I always found listening to the shipping forecast very comforting. Someone was bound to be getting worse weather than you, and just the intonation was almost soporific. I get seasick if it's choppy, but my poor dad couldn't even get outside the harbour wall with his uncle to go fishing before he got the heave-ho's and poor man, he went over to France on the D-Day landings on those awful flat-bottomed landing craft. I went on one from Scarborough one year, when we were holidaying there, and you got the chance to go out to a landing ship, HMS Fearless. I knew just how he felt as unless you could see the horizon (you couldn't of course, if standing on the bottom) - it was ghastly.

I'm pretty good at British geography but not so clever on world geography, and have been unable to do much travelling in my life and I am more interested in history/archaeology, which are my real passions.

Ellen D. said...

I was the kid in my family that got motion sickness and had to sit by a window. Cars, planes, boats, even yoga, can make me feel woozy.
I have traveled a bit. As kids, my Dad was great for planning long trips across the USA. Two of my sons married women from other countries so I got to visit China and Rwanda for those weddings and that was fabulous. Took a trip right before Covid hit to Italy with my daughter - thank goodness we did it then - unforgettable!

the veg artist said...

I love boats, and it's almost a case of the more basic, the better. One of my fondest memories is of a Greek ferry boat, travelling to an island with locals, complete with goats, chickens, buckets of fish, the smell of diesel - quite pungent on a very hot day!
I love the Shipping Forecast too. Sometimes, if I can't sleep, I put the radio on very quietly, (00.48 hrs and 05.33hrs) but I've usually zoned out by the time they get to Lundy/Irish Sea.

Rachel Phillips said...

I note that your commenters refer to the Shipping Forecast as if it is a thing of the past (the veg artist is an exception) and it is of course still broadcast on a daily basis. My ex partner I have discovered recently listened to the OO.48 broadcast every night unbeknown to me, you could have knocked me down with a feather in that he had to get up and go downstairs to listen to it. Perhaps it gave him some comfort in his troubled life. You are lucky to have had such an enjoyable life travelling. I enjoy travelling but have mostly had to travel alone. From choice I would like to have had a like-minded companion.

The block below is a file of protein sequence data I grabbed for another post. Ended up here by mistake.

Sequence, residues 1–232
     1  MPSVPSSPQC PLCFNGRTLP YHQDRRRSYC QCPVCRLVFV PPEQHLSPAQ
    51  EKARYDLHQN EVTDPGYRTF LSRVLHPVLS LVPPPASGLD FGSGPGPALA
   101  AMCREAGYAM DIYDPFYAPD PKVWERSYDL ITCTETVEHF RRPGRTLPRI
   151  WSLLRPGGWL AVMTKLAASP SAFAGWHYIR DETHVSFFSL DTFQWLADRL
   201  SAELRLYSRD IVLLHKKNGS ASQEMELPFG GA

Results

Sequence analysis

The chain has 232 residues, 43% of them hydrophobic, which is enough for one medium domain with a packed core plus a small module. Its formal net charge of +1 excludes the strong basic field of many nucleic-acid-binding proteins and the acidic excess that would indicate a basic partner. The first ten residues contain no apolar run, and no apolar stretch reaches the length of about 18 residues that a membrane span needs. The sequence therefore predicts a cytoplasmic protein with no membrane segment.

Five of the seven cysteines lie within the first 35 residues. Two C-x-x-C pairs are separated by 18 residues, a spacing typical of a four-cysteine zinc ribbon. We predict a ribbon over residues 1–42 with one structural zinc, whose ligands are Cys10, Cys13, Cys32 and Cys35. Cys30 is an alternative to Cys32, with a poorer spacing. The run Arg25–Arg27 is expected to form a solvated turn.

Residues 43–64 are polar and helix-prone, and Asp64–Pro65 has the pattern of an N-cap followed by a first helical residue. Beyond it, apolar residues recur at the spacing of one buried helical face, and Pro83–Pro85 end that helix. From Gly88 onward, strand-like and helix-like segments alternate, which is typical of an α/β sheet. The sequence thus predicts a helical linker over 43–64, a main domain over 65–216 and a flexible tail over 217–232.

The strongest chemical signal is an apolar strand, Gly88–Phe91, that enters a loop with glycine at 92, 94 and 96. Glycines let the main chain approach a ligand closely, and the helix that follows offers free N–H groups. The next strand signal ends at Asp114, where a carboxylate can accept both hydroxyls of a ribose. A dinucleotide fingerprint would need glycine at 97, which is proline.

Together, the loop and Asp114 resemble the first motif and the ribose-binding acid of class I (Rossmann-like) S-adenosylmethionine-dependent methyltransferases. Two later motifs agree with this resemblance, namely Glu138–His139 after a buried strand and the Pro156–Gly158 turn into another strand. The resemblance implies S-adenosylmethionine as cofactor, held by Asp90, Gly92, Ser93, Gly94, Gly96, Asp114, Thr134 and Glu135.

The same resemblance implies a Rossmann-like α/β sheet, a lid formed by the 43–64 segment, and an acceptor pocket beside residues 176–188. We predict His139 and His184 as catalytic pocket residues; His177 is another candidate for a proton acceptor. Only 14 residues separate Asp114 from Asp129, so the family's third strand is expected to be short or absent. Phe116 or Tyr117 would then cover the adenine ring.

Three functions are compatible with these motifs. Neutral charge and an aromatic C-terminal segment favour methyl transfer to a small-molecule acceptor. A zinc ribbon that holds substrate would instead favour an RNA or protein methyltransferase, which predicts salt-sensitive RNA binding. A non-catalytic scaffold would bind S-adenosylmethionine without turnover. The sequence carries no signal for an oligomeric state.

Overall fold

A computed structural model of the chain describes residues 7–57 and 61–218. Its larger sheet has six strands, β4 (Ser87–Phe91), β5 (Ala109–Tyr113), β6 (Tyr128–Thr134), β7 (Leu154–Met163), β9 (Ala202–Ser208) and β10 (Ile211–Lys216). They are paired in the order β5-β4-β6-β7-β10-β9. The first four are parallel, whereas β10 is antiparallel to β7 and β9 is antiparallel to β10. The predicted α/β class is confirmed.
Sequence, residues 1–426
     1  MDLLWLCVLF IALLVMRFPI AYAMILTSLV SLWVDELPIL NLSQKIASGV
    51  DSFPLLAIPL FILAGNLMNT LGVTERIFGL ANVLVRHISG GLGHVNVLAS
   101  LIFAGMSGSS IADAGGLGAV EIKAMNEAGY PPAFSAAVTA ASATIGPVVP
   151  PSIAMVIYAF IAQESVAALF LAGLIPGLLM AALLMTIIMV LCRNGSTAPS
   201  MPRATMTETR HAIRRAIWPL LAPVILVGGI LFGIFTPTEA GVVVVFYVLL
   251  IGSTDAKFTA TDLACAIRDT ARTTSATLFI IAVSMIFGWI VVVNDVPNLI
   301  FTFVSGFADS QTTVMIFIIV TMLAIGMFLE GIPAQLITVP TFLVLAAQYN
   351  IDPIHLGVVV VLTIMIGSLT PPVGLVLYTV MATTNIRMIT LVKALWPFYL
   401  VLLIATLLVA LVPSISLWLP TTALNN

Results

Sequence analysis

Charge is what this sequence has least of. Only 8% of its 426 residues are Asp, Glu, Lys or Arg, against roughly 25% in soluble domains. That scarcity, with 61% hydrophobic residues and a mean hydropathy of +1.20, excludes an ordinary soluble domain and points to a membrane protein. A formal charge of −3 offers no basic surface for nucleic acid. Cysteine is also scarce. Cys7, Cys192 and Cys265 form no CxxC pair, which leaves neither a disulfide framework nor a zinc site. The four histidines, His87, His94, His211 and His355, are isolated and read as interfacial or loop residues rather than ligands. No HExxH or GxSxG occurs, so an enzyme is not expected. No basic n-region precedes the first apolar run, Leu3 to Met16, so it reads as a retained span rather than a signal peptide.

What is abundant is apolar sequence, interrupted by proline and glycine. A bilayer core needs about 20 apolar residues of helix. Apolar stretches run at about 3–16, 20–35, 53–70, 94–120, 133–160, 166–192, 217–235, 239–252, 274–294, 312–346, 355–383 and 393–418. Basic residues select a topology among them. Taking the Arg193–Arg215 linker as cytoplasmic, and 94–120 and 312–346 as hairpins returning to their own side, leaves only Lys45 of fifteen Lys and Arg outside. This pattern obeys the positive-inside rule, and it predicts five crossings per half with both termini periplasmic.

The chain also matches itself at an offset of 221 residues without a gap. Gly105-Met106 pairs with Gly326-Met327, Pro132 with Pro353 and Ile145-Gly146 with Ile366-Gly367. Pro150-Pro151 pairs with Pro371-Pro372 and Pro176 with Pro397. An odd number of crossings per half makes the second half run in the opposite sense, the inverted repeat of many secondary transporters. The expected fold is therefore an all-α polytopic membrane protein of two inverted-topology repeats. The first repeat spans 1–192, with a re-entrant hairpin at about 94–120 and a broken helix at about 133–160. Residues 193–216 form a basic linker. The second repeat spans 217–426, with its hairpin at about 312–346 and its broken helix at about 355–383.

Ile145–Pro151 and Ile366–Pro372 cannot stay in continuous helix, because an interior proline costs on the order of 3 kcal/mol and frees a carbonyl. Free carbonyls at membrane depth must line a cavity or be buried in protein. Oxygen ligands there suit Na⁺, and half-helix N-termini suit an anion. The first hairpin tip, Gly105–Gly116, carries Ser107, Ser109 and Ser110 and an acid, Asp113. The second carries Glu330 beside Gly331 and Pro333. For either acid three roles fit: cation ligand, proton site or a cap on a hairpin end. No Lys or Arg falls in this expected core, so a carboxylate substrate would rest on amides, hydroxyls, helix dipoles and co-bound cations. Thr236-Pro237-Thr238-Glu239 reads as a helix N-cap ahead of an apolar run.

Bettina Groh said...

I remember taking the ferry from Jersey to Southampton... very rough... everything was chained down but my Mother and I were fine sitting in a totally empty dining room having breakfast!!

Debby said...

I had a French teacher who spent her summers (she and her husband) boarding 'tramp steamers' and going all over the world on the cheap. Her grandson goes to my church now, a grandfather in his own right. We were talking about her one day and he said, "When I was a kid, I thought she was magical. THey were always going someplace and bringing me back little carved toys for my collection. I thought everybody's grandma went all over the world and had adventures.

Sue in Suffolk said...

If I hear the Shipping Forecast then I know I've had a bad night and the radio has been on all night - midnight I want to be asleep and 5.25am I don't want to be awake either.

Susan said...

We have our own shipping forecast for coastal BC. The person who reads it is not up to the task. The British one was beautifully read when I listened to it, to the point, as you say, of being inspiring. I love experiencing new places but not the travel required to get to them.

Anonymous said...

Too many travel sickness stories to recount, sea sickness, car and bus travel, even in a glider in the air (paper bag provided by the pilot).
It's a horrible feeling - Pam.

Heather said...